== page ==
Sarah Corbitt-Intern Architect LEED AP BD+C

Brightening the Corners – Xiao Bao Biscuit on Spring & Rutledge

Xiao Bao Biscuit exterior


The Holy City’s blessings are many, and not least of these is a broad palette of local produce. We have peaches, fine red tomatoes, green peanuts and greener lettuces. And our architectural stock is as colorful as our crops – pink churches, yellow mansions, wedding cake houses, blue porch ceilings, and marble checkerboard walks.

Sometimes our culinary palates and architectural palettes merge. Recently, the Elliotborough neighborhood added a delightful mix of the two, in the form of a modern cantina-cum-noodle shop. On any given night (except Sundays), diners sit outside at bright green communal picnic tables, and fish local cucumber slices out of their gin drinks. Need a substantial meal? Get flounder in lemongrass sauce. Something light? Curried eggplant may satisfy. Want something wintery? Order the aged chocolate manhattan.

When owners Joey Ryan, Josh Walker and Duolan Li leased the building, the team agreed that the collective aesthetic was to celebrate the ‘imperfect beauty’ of the former gas station rather than develop a rigid vision. This aesthetic decision meshes with their food approach – serving dishes from various backgrounds rather than pursue a single, formal line of flavor. Working with the space as it was, the design team explored a few basic concepts as the renovation progressed, and worked new findings and field conditions into the restaurant as they went along. The result is a very comfortable space which feels contextually right.


Just one year before opening, Josh, Joey and D were looking around the city at spaces to lease. When they found this space, they were pretty sure immediately that it was the right fit. After 5 months of working through the lease process, they signed. At the time, a series of pop-up dinners had left the owners sure of the food – Josh noted that they “had been playing around with the menu for 6 months.” Now, the focus was on the upfit.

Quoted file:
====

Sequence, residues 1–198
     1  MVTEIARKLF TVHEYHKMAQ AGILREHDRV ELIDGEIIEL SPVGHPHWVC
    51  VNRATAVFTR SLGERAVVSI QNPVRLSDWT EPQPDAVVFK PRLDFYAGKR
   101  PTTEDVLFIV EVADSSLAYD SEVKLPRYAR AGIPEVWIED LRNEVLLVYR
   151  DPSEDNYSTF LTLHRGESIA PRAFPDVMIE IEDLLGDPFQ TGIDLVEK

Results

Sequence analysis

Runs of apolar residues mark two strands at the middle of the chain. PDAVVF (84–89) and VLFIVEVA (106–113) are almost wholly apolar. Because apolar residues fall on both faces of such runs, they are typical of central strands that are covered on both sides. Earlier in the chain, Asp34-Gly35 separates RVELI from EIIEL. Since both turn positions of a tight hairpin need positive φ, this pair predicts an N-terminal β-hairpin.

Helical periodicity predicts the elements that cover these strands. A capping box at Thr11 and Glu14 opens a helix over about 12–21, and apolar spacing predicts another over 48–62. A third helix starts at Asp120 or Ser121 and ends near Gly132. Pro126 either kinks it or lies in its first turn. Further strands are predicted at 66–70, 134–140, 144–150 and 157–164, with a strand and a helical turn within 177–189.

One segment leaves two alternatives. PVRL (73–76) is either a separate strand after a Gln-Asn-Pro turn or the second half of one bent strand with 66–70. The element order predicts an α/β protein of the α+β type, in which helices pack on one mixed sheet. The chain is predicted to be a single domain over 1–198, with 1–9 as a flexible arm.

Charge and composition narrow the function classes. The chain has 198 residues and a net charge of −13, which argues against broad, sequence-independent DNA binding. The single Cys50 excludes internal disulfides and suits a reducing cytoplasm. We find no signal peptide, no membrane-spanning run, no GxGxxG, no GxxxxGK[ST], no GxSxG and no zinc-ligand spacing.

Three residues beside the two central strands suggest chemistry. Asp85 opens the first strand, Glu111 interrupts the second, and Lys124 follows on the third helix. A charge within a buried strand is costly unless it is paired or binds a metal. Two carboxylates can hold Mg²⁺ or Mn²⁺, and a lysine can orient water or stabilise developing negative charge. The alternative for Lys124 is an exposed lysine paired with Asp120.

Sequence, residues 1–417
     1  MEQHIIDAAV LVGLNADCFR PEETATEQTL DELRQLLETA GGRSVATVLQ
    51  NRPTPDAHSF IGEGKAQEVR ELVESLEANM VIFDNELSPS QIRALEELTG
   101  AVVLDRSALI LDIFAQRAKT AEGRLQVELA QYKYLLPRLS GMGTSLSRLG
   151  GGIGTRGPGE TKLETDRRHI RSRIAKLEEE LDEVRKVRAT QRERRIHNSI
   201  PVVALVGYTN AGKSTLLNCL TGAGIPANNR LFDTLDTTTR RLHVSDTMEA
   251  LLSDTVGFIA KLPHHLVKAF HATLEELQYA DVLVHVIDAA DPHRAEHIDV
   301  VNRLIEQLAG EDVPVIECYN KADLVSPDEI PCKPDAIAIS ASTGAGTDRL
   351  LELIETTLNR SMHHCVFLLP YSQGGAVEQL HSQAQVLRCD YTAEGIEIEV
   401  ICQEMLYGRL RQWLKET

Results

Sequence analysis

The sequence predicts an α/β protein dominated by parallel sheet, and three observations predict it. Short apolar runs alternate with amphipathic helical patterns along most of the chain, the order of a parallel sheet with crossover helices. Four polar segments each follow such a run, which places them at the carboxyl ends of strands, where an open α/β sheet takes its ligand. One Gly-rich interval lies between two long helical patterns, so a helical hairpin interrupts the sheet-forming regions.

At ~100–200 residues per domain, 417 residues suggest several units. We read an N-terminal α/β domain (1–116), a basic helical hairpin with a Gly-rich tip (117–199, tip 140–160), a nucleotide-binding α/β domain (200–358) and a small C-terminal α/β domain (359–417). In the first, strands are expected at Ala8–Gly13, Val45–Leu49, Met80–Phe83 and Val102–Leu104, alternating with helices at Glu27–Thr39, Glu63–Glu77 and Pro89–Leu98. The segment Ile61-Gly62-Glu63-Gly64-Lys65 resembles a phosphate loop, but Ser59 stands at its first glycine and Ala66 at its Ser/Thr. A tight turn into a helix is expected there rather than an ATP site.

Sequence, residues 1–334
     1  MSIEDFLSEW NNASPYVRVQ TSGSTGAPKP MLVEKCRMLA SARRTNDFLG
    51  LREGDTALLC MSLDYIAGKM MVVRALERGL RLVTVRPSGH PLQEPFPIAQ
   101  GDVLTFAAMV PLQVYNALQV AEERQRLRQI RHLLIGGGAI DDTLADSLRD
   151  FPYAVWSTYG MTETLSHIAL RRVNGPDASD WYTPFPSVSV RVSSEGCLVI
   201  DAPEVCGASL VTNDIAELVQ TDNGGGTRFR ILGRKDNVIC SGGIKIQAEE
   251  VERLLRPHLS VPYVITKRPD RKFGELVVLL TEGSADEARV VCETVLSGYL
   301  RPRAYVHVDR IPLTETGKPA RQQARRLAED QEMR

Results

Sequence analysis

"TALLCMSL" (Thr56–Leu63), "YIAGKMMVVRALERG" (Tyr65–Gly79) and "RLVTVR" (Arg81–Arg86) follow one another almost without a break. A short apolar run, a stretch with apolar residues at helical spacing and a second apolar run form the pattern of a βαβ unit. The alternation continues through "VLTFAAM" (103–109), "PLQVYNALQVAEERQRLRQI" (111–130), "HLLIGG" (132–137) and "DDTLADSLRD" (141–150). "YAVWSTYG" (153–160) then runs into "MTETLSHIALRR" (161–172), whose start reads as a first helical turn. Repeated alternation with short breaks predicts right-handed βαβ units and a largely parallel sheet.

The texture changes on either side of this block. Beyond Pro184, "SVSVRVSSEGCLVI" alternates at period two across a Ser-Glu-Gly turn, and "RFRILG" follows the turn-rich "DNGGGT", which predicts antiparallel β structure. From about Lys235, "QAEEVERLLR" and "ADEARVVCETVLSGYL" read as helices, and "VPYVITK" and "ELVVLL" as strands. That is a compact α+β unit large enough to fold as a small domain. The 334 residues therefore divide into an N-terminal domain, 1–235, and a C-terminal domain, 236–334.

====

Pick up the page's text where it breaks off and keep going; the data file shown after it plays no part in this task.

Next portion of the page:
Architectural Details

The new Xiao Bao Biscuit has something that many sites locally don’t have – a modern façade. Sited in a former car repair shop and gas station, owner Joey Ryan reports that this building is part of what was known in the 1960’s as Gas Station Alley – a stretch of Spring Street where people driving through Charleston would stop and fill up. Indeed, there are other service center renovations nearby including Mission Yoga (more on that in a future dispatch). The floral shop Tiger Lily Florist once housed a gas station where Josh’s grandfather worked.

The owners brought design ideas to bear on the project. Firstly, they wanted to celebrate the building as it was. Joey said they “…loved the outside – loved the way the building looked. There was no place in Charleston that was using the outside like this.” Relying on the building’s existing character was smart for their budget. Josh said, “When we saw this place, we thought it had so much character – the brick on the walls we didn’t need to do anything to.” The entrance has four electric-green tables surrounded by two site-built planters under the old drive-through canopy.

Bright green tables, and bright turquoise doors – it’s a great combination. Photo by Sarah Corbitt.

Opening the space up meant demolishing interior walls and installing a new beam for reinforcement between the bar and east side seating (which was formerly the gas bay). The space now housing Xiao Bao Biscuit’s larger, family table was the former gas station bathroom. A 7’ building addition at the northeast of the site was built in the 1980’s; it now serves as storage. The window closest to the front door was cinderblocked in, and an air old conditioner was walled over – all of that infill was demolished. Joey said that airiness became the focal point. The owners created large expanses of windows with one layer of polycarbonate material and wood. Shelves built just inside the windows provide nooks for green plants.


So far, the site-built polycarbonate windows don’t get too cold in the winter, maybe because the restaurant generates its own ample heat. The owners’ thermal range reflects the desire to be more open to the outdoors – the thermostat in May was set to a pleasing 77 degrees (heavenly for me!), and I’ve been many times when both exterior doors were flung open to warm summer breezes.